Stocks Edge Lower, Losing Steam Into the Close

U.S. stocks edged lower in quiet trading Wednesday, with the S&P 500 hovering slightly below its record close from early May.

The benchmark index dropped 0.1%, with losses in the financial, industrial and consumer sectors weighing against gains in healthcare and technology. The Dow Jones Industrial Average fell 0.4%, or about 126 points, while the Nasdaq Composite inched down less than 0.1%.

The market has been subdued for much of the last two weeks as investors balance confidence in the economic reopening against the risks of rising inflation, supply-chain problems and the possibility of higher taxes. Such worries have contributed to a cautious view of the outlook for stocks, which are trading around all-time highs.

"The market could still be surprised by positive news," said Olivier Sarfati, head of equities at wealth-management firm GenTrust.

The S&P 500 is on track for its 13th consecutive day of moves less than 1% in either direction, the longest such streak since a stretch from October 2019 to January 2020, according to Dow Jones Market Data. The onset of summer months is prompting people to take vacation, leading to thinner trading volumes, money managers said.

"We've seen very low volatility over the past week," said John Roe, head of multiasset funds at Legal & General Investment Management. "As we get into the warmer weather, we have less market participants and a less volatile environment. This reduces liquidity."

The so-called meme stocks that have gained popularity on online forums mostly traded lower Wednesday. Clover Health Investments shares dropped 21% after surging 86% on Tuesday. AMC Entertainment Holdings fell 7.7%.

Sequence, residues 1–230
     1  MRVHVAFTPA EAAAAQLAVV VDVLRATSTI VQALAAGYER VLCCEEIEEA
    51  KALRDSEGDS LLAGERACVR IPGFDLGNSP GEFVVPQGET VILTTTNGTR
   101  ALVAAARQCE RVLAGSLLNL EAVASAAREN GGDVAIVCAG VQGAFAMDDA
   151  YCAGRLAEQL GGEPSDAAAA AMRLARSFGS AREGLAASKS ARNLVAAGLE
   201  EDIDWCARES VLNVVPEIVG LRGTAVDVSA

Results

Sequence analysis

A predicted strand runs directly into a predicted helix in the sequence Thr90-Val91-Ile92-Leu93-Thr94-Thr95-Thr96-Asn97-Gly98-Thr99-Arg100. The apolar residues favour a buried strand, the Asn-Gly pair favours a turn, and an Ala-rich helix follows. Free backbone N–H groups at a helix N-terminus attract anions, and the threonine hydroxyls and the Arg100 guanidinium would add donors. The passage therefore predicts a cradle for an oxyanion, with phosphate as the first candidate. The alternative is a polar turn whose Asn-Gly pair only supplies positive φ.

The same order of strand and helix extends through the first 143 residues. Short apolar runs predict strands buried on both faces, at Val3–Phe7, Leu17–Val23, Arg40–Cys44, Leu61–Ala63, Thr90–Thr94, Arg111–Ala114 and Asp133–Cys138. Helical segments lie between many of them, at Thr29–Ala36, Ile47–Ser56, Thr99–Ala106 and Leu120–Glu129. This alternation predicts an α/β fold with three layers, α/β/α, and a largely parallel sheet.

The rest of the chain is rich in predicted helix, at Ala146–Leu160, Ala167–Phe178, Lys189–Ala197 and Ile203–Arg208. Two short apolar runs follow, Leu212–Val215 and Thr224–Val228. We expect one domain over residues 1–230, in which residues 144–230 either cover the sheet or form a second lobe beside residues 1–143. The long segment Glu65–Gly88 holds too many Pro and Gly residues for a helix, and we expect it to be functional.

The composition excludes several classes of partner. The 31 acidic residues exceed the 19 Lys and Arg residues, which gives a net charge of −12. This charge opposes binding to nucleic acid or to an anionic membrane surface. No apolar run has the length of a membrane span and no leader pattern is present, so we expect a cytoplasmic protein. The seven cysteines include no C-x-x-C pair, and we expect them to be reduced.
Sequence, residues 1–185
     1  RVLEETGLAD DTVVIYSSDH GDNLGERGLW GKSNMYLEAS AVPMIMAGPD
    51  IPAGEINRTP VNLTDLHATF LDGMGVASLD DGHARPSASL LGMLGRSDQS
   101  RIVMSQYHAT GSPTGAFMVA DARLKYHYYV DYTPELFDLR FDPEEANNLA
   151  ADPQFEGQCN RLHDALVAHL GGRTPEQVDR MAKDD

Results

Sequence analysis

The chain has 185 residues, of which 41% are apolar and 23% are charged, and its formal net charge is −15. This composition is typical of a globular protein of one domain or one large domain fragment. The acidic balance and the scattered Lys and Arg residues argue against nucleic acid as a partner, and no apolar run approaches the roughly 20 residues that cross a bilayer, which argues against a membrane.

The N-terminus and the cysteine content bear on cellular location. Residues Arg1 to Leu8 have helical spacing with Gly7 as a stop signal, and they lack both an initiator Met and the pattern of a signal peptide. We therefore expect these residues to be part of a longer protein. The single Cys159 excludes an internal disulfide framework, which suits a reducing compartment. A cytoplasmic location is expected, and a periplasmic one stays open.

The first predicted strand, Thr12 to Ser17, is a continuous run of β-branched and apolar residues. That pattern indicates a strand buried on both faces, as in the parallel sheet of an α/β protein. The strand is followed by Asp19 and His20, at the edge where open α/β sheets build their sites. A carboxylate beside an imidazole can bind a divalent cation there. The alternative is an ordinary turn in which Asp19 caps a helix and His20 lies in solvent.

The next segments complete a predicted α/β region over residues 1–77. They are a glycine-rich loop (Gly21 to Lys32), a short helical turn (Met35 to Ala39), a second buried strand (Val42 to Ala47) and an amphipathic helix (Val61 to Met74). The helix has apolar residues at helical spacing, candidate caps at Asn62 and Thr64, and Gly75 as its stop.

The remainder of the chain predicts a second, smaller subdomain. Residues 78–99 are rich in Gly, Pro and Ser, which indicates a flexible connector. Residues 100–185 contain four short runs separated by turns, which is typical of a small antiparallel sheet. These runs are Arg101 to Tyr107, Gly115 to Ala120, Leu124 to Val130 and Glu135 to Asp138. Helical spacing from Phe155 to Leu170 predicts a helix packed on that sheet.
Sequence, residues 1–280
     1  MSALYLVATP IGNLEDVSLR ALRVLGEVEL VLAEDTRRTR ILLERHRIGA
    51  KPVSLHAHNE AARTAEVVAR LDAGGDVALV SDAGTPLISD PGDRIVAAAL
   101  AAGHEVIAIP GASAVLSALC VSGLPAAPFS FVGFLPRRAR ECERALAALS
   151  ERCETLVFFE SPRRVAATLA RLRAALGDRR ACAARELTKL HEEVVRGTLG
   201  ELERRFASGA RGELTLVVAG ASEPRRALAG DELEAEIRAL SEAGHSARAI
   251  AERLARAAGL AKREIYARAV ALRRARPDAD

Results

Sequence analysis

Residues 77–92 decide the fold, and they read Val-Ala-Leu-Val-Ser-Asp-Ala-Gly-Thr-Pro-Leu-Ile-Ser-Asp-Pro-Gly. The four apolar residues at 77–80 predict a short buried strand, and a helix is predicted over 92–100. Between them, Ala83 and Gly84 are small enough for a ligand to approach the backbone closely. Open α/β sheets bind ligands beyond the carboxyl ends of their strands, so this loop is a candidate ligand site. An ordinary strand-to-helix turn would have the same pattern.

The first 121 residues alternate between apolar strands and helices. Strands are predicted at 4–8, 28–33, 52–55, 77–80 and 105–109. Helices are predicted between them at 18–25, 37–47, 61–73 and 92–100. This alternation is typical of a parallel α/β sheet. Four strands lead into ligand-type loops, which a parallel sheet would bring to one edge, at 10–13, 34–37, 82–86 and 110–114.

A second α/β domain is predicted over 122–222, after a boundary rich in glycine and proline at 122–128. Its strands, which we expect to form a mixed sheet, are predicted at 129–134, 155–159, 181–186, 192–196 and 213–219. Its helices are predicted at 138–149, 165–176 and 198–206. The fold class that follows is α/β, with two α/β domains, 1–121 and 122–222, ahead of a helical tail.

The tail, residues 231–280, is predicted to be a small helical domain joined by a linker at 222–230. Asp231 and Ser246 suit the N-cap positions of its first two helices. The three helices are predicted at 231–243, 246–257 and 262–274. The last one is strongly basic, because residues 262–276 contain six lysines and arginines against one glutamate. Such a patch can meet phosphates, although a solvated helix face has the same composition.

Worries about runaway inflation have abated in recent days, although investors remain on watch for fresh data on inflation in May that is due Thursday.

"The debate around how persistent inflation is and will be for the coming months is key. This might create some volatility," said Luc Filip, head of private banking investments at SYZ Private Banking. Last month's "higher than expected [consumer-price index] figures triggered quite a bit of market stress," he added.

Fresh data Wednesday showed a higher-than-expected spike in China's producer prices in May, driven by a rise in commodity prices. The consumer-price index came in below forecasts, signaling that the higher costs haven't yet been passed onto consumers.

"When you look at the global inflation picture, it is very interesting to see that actually, inflation isn't such a problem currently in Asia," Mr. Filip said.

In bond markets, the yield on the benchmark 10-year U.S. Treasury note dipped below 1.5% for the first time in a month. The yield dropped to 1.489%, down from 1.527% on Tuesday.

"This is about positioning," said James Athey, investment manager at Aberdeen Standard Investments. "There is a big risk event coming up with CPI, people aren't incentivized to add a lot of risk into the event."

Overseas, the pan-continental Stoxx Europe 600 rose 0.1% to close at a new record. The Shanghai Composite Index ticked up 0.3% by the close of trading, while Hong Kong's Hang Seng Index edged down 0.1%.

Write to Anna Hirtenstein at and Karen Langley at

  (END) Dow Jones Newswires
  06-09-21 1601ET
  Copyright (c) 2021 Dow Jones & Company, Inc.

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